This is a busy month in the garden, with winter pruning top of the priority list. As day length starts to increase, many plants start to show signs of new growth and shrubs like magnolias and camellias are in their prime. It may still be winter, but July definitely has a spring feel about it.  So many winter and spring flowering bulbs and flowers are coming into full bloom. The vegetable garden is filled with flourishing produce and life is fulfilling. Very few pests or diseases and no weeds make this a memorable time in the garden.

  • Watering and feeding are vital to keep flowering plants in pristine condition.
  • Dead heading is as important as ever.
  • Odd gaps in the garden can still be filled with pansies and violas and other flowering annuals.
  • Petunias still perform well if planted out now. They are especially suited to window boxes, pots and hanging baskets.


  • Sow the last crops of peas and broad bean seed.
  • Plant out the last crops of winter and spring vegetables.
  • Harvest all the many crops ready at this time of year.
  • Remove the left over parts of harvested plants, including the roots.


  • Most herbs are flourishing at the moment.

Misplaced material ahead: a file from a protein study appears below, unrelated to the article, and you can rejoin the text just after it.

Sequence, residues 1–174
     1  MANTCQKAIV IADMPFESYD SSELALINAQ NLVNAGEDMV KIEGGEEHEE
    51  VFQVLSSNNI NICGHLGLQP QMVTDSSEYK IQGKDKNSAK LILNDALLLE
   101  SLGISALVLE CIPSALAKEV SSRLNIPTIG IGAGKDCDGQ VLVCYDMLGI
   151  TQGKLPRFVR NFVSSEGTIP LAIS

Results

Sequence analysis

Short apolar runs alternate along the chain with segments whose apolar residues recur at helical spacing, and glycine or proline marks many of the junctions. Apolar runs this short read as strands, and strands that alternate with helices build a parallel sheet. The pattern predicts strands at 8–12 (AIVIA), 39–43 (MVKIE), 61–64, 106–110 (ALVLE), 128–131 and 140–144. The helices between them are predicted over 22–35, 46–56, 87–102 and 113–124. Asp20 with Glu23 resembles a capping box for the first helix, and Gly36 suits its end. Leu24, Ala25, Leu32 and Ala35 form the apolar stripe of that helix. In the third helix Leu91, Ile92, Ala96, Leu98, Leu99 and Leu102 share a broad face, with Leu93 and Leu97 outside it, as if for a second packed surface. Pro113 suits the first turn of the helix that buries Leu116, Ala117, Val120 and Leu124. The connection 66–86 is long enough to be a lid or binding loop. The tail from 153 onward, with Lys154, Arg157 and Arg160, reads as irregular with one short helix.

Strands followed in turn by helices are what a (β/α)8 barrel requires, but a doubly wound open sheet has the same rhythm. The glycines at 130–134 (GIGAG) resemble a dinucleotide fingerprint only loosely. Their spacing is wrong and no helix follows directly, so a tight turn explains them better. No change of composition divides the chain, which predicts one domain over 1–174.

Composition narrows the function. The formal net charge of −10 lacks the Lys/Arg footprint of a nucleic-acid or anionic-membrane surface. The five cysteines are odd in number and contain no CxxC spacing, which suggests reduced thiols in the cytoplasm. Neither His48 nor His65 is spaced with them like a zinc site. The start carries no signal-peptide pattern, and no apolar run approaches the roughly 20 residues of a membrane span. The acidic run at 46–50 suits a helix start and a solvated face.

• Feed mint to encourage new growth.
  • Plant out parsley seedlings for a bumper spring crop.


  • Prune deciduous fruit trees and spray with lime sulphur to control fungal diseases and insect eggs.  NB:  Buy new lime sulphur each season, as it does not keep from year to year.
  • Harvest citrus and avocados.
  • Make sure that trees with crops on are watered during dry spells.  This will prevent the fruit from dropping due to stress.
  • Apply magnesium sulphate to citrus trees.


  • Cut out old, dead or damaged wood from trees and shrubs.
  • It’s a wonderful time to purchase new aloes for the garden whilst they’re in bloom.
  • Mulch hydrangeas with a layer of compost and well rotted kraal manure.
  • Water winter rainfall plants like proteas and their many relatives.   July is also a good time to purchase and plant out young plants.
  • Water hellebores, as they bloom during the middle of winter.
  • Cut back day lily foliage and mulch the plants.


  • July is pruning month.  Make sure that all tools are sharp and are disinfected after each rose is pruned.  This minimises the transference of diseases from one bush to the next.
  • Spray with fresh, new season lime sulphur immediately after pruning.
  • Dig compost into the rose beds and apply a new layer of mulch around the bushes.
  • Feed roses after digging in the compost.
  •  Transplant roses that need to be moved now.
  • Check standard rose ties and renew if necessary.


  • Time to have all lawn mowing and trimming equipment serviced so that it’s ready for action in early spring.
  • Mow evergreen lawn grass varieties with the blades set on high. They need to have long leaf blades in order to grow well.


  • Check tree stakes and ties.
  • Repair fences, pergolas and other garden structures.
  • Turn over the compost heap.


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